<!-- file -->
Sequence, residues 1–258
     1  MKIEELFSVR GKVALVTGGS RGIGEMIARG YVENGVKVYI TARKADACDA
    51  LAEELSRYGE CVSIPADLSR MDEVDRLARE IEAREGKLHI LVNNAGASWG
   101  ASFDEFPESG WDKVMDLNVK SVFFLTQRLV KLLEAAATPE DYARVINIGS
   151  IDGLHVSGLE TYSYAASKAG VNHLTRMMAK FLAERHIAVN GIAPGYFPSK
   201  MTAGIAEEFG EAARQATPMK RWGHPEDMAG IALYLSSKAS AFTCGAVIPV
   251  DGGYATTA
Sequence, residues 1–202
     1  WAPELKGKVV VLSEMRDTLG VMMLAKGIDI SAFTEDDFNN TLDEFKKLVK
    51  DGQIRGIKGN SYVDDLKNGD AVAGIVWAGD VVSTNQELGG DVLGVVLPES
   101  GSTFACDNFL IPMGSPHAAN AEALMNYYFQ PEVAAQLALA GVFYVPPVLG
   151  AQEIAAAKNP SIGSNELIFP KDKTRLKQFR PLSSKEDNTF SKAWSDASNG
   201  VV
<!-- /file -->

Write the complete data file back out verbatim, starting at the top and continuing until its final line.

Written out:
Sequence, residues 1–258
     1  MKIEELFSVR GKVALVTGGS RGIGEMIARG YVENGVKVYI TARKADACDA
    51  LAEELSRYGE CVSIPADLSR MDEVDRLARE IEAREGKLHI LVNNAGASWG
   101  ASFDEFPESG WDKVMDLNVK SVFFLTQRLV KLLEAAATPE DYARVINIGS
   151  IDGLHVSGLE TYSYAASKAG VNHLTRMMAK FLAERHIAVN GIAPGYFPSK
   201  MTAGIAEEFG EAARQATPMK RWGHPEDMAG IALYLSSKAS AFTCGAVIPV
   251  DGGYATTA
Sequence, residues 1–202
     1  WAPELKGKVV VLSEMRDTLG VMMLAKGIDI SAFTEDDFNN TLDEFKKLVK
    51  DGQIRGIKGN SYVDDLKNGD AVAGIVWAGD VVSTNQELGG DVLGVVLPES
   101  GSTFACDNFL IPMGSPHAAN AEALMNYYFQ PEVAAQLALA GVFYVPPVLG
   151  AQEIAAAKNP SIGSNELIFP KDKTRLKQFR PLSSKEDNTF SKAWSDASNG
   201  VV